Acacia Communications made headlines in May after completing an initial public offering (IPO), raising approximately $105 million for the company. Technology company IPOs have become a rarity and are not always successful. On its first day of trading, Acacia’s shares opened at $29 per share and closed just under $31.

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Professor Graham Reed: The calm before the storm

Silicon photonics luminaries series

Interview 3: Professor Graham Reed

Despite a half-century track record driving technology, electronics is increasingly calling upon optics for help. “It seems to me that this is a marriage that is really going to define the future,” says Graham Reed, professor of silicon photonics at the University of Southampton’s Optoelectronics Research Centre.


The optics alongside the electronics does not have to be silicon photonics, he says, but silicon as a photonics technology is attractive for several reasons. 

“What makes silicon photonics interesting is its promise to enable low-cost manufacturing, an important requirement for emerging consumer applications,” says Reed. And being silicon-based, it is much more compatible than other photonics technologies. “It probably means silicon photonics is going to win out,” he says.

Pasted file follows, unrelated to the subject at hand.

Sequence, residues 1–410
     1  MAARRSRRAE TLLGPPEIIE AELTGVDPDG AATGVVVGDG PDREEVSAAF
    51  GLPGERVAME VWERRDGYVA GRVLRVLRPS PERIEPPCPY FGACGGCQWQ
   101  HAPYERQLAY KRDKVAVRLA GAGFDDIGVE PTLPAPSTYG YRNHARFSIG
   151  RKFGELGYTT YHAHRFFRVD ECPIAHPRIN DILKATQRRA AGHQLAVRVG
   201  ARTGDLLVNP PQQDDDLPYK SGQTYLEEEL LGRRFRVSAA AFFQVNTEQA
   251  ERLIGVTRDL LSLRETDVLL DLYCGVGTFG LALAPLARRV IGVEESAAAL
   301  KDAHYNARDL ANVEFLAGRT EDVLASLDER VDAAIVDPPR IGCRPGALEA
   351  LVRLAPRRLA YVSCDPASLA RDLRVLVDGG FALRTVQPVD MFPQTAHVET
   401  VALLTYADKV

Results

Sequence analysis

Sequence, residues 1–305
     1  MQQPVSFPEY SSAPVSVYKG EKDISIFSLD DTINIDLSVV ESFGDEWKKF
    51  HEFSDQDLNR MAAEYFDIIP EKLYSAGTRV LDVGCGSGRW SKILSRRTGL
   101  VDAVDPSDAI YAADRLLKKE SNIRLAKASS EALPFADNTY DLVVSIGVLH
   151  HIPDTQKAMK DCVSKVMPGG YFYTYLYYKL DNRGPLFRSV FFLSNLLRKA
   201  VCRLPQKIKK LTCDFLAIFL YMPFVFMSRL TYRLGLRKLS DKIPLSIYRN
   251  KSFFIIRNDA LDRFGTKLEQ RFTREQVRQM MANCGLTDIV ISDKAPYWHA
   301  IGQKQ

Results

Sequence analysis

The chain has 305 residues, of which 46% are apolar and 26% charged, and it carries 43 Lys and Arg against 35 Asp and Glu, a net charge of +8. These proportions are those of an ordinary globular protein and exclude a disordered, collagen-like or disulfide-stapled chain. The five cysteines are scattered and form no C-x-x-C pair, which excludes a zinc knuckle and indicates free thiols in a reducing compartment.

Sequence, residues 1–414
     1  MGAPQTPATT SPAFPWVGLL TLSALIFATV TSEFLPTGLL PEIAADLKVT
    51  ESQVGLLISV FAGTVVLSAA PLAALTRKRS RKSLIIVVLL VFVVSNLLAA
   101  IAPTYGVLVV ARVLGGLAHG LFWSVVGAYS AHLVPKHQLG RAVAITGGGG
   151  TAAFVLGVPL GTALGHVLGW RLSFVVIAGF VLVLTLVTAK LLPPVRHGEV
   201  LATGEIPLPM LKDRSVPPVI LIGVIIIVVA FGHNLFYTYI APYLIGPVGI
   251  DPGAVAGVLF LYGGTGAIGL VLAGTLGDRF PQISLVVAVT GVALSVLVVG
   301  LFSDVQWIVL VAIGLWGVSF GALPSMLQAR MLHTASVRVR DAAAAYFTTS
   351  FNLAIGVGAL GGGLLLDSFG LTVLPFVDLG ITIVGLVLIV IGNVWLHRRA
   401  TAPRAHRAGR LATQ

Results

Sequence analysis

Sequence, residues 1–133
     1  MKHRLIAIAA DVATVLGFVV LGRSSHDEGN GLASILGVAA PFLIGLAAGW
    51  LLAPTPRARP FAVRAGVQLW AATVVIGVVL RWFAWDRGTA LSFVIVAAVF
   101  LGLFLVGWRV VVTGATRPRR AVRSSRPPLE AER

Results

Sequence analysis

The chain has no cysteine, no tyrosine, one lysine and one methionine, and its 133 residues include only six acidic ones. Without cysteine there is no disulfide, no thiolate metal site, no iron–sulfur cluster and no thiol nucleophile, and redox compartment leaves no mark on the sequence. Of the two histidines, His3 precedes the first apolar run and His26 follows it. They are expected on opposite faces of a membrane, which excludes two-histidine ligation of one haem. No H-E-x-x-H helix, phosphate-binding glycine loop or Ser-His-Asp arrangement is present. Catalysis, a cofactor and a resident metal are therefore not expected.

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Ciena shops for photonic technology for line-side edge  

Briefing: DWDM developments

Part 3: Acquisitions and silicon photonics

Ciena is to acquire the high-speed photonics components division of Teraxion for $32 million. The deal includes 35 employees and Teraxion’s indium phosphide and silicon photonics technologies. The systems vendor is making the acquisition to benefit its coherent-based packet-optical transmission systems in metro and long-haul networks.


Sterling Perrin

“Historically Ciena has been a step ahead of others in introducing new coherent capabilities to the market,” says Ron Kline, principal analyst, intelligent networks at market research company, Ovum. “The technology is critical to own if they want to maintain their edge.”

“Bringing in-house not everything, just piece parts, are becoming differentiators,” says Sterling Perrin, senior analyst at Heavy Reading.    

Ciena designs its own WaveLogic coherent DSP-ASICs but buys its optical components. Having its own photonics design team with expertise in indium-phosphide and silicon photonics will allow Ciena to develop complete line-side systems, optimising the photonics and electronics to benefit system performance.